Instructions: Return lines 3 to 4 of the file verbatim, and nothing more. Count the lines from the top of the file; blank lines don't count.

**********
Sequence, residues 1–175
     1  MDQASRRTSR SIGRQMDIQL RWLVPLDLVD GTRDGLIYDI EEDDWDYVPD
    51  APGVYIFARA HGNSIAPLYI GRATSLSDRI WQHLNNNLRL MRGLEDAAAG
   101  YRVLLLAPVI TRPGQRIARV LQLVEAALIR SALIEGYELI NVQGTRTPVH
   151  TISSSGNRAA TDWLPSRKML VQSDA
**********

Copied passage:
    51  APGVYIFARA HGNSIAPLYI GRATSLSDRI WQHLNNNLRL MRGLEDAAAG
   101  YRVLLLAPVI TRPGQRIARV LQLVEAALIR SALIEGYELI NVQGTRTPVH